luminescence


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lu·mi·nes·cence

 (lo͞o′mə-nĕs′əns)
n.
1. The emission of light that does not derive energy from the temperature of the emitting body, as in phosphorescence, fluorescence, and bioluminescence. Luminescence is caused by chemical, biochemical, or crystallographic changes, the motions of subatomic particles, or radiation-induced excitation of an atomic system.
2. The light so emitted.

luminescence

(ˌluːmɪˈnɛsəns)
n
(General Physics) physics
a. the emission of light at low temperatures by any process other than incandescence, such as phosphorescence or chemiluminescence
b. the light emitted by such a process
[C19: from Latin lūmen light]
ˌlumiˈnescent adj

lu•mi•nes•cence

(ˌlu məˈnɛs əns)

n.
1. the emission of light not caused by incandescence and occurring at a temperature below that of incandescent bodies.
2. the light produced by such an emission.
[1885–90; < Latin lūmin- light + -escence]
lu`mi•nes′cent, adj.

lu·mi·nes·cence

(lo͞o′mə-nĕs′əns)
1. The emission of light as a result of the excitation of atoms by a source of energy other than heat. Bioluminescence, fluorescence, and phosphorescence are examples of luminescence that can be produced by biological or chemical processes.
2. The light produced in this way.

luminescence

Light emission from a substance caused by an effect other than heat. Fluorescence and phosphorescence are forms of luminescence.
ThesaurusAntonymsRelated WordsSynonymsLegend:
Noun1.luminescence - light not due to incandescenceluminescence - light not due to incandescence; occurs at low temperatures
light, visible light, visible radiation - (physics) electromagnetic radiation that can produce a visual sensation; "the light was filtered through a soft glass window"
bioluminescence - luminescence produced by physiological processes (as in the firefly)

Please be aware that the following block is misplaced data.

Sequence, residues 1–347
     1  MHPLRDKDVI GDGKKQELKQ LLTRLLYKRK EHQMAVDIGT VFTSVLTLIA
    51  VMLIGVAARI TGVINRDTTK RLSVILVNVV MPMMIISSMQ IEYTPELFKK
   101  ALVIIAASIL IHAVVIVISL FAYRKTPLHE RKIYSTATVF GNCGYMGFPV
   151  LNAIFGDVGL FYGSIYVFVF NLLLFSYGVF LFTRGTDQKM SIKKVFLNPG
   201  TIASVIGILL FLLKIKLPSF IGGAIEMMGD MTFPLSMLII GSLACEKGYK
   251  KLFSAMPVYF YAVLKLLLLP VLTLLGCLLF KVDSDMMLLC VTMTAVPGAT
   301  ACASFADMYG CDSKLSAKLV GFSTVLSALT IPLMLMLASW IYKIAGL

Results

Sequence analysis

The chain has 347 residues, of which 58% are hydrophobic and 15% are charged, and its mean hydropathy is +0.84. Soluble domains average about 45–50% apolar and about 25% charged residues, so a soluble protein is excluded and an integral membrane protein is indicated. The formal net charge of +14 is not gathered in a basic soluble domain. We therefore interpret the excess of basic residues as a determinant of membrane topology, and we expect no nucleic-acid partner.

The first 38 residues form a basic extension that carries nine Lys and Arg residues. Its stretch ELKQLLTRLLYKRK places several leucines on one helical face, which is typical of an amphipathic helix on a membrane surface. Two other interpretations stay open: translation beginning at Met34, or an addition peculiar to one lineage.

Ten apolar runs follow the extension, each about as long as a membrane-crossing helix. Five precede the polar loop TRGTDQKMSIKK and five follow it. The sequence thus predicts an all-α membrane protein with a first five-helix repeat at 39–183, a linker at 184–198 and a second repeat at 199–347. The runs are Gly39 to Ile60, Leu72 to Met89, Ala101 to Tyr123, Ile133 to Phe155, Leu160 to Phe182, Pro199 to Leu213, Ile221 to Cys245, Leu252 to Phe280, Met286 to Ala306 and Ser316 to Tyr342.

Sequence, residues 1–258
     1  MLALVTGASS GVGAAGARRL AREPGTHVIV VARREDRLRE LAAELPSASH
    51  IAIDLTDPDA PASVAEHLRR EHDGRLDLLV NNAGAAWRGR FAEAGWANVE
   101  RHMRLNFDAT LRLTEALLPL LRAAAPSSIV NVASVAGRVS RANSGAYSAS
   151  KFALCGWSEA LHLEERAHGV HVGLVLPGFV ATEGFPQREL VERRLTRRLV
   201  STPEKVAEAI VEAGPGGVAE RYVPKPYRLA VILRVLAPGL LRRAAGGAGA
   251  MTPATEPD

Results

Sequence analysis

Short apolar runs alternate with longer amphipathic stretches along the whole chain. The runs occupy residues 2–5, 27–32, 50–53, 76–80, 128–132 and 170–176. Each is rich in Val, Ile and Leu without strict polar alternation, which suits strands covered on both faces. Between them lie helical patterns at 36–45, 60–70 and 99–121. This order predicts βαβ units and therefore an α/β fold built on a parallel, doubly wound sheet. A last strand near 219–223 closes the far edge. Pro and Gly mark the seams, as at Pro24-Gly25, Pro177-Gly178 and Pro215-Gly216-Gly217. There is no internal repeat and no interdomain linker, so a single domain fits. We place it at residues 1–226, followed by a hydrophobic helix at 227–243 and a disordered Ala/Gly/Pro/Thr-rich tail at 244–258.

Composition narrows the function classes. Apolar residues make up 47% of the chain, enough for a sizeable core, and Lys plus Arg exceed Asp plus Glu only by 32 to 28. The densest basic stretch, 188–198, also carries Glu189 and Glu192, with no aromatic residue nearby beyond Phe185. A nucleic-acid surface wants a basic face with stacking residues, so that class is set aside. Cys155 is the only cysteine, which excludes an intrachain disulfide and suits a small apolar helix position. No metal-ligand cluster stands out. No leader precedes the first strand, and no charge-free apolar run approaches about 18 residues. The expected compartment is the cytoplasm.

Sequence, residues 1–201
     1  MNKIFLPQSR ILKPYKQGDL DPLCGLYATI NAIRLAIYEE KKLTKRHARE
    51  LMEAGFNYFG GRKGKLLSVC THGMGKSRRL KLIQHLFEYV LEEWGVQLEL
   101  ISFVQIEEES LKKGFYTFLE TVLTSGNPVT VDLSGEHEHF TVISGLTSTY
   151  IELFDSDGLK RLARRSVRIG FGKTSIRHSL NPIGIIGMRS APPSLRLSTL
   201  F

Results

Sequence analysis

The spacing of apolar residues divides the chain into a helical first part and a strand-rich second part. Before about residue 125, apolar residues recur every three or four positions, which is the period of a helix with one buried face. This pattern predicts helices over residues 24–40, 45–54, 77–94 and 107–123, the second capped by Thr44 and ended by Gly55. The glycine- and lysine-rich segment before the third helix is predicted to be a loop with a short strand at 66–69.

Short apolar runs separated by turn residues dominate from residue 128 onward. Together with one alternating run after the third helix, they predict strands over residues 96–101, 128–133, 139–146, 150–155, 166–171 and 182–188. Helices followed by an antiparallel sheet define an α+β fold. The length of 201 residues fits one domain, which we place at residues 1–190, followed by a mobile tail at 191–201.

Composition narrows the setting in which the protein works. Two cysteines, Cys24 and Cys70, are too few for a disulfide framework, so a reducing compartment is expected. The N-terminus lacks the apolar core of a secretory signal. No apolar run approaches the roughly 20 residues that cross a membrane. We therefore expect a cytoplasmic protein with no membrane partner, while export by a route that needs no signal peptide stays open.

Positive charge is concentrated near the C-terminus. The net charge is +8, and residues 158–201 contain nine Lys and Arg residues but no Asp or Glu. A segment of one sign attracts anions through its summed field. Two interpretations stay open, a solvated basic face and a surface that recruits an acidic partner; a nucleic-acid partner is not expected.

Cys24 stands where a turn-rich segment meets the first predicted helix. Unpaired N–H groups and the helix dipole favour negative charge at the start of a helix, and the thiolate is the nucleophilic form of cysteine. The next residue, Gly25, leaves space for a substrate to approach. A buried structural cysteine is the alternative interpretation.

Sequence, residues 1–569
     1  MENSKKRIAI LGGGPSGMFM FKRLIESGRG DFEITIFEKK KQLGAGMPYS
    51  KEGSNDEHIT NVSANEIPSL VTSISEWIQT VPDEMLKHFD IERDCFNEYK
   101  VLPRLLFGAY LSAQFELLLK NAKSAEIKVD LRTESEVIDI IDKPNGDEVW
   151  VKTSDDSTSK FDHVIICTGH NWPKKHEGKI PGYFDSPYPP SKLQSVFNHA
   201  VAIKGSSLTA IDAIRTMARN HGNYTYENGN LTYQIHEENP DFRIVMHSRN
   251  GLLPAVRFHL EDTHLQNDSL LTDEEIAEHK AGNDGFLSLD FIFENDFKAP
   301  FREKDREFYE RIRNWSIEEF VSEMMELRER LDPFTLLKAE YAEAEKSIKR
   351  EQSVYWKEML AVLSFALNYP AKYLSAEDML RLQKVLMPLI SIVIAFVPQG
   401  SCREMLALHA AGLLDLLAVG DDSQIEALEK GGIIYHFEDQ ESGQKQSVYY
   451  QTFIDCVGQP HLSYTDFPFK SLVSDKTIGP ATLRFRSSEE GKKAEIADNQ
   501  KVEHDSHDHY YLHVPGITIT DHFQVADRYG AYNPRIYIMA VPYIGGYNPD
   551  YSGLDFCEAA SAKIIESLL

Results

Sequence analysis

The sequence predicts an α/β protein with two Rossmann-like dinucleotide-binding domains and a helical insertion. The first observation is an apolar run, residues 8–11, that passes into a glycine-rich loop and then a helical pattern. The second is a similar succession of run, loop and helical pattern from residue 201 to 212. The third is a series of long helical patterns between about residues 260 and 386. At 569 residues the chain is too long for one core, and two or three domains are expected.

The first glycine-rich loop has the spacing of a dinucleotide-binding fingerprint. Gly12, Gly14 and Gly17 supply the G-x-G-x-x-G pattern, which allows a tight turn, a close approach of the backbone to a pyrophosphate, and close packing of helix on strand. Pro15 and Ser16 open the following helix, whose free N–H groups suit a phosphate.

chemiluminescence - luminescence resulting from a chemical reaction as the oxidation of luciferin in fireflies
2.luminescence - light from nonthermal sources
brightness level, luminance, luminosity, luminousness, brightness, light - the quality of being luminous; emitting or reflecting light; "its luminosity is measured relative to that of our sun"
Translations

luminescence

[ˌluːmɪˈnesns] Nluminescencia f

luminescence

nLumineszenz f (spec), → Leuchten nt

lu·mi·nes·cence

n. luminosidad, emisión de luz sin producción de calor.
References in periodicals archive ?
Sun Chemical's Security Division will operate under the brand name of Luminescence, the manufacturer of security and brand protection inks that Sun Chemical acquired earlier this year.
THURSDAY, May 24, 2018 (HealthDay News) -- An ingestible micro-bio-electronic device (IMBED) could be used for in situ biomolecular detection based on environmentally resilient biosensor bacteria and luminescence readout electronics, according to a study published in the May 25 issue of Science.
The final type is called the luminescence process, in which scintillation photons are emitted.
Gadolinium vanadate (GdV[O.sub.4]) is a very important host for the luminescence of rare earth activators which find applications in the high-power solid state lasers, X-ray medical radiography, energy-saving fluorescent lamps, artificial production of light, other display devices [5-11], and temperature sensing [4].
In this work, we propose a novel luminescence method for the quantification of neonicotinoids in environmental waters.
This research originates from earlier studies of the authors on the Mg-Fe micas composition (Nebera et al., 2012) and the luminescence of feldspars (Boroznovskaya et al., 2012).
These findings make the studies of X-ray conductivity (XRC) and X-ray luminescence (XRL) in ZnSe single crystals topical.
Such pc-LED sources generate white light due to colour mixing of blue radiation from the LED chip with yellow luminescence of [Ce.sup.3+] ions, which is due to intercon-figurational 5d--4f transitions.
A technique called luminescence dating was used to date the ancient tools which were found in a rock shelter at the bottom of a cliff, on the edge of a sandy savannah plain some 300 km (186 miles) east of Darwin.
For this method, the measurement of the oxygen reduction in a hermetically closed Erlenmeyer is based on the effect of dynamic luminescence principle.
Presenting findings from their research on lanthanide glasses and materials, physicists and material scientists cover tunable and white light generation in lanthanide doped novel fluorophosphate glasses, lanthanides co-doped phosphate glasses for broadband applications, lanthanum doped borophosphate glasses for nuclear waste immobilization, crystallization studies of cerium containing iron borophosphate glasses/glass-ceramics, spectroscopic properties and energy transfer parameters of Nd3+ and Sm3+ doped lithium borate glasses, the relationship between the structural modification and luminescence efficiencies of ZnF2-Mo-TeO2 glasses doped with Ho3+ and Er3+ ions, and luminescence and energy transfer phenomena in lanthanide ions doped phosphor and glassy materials.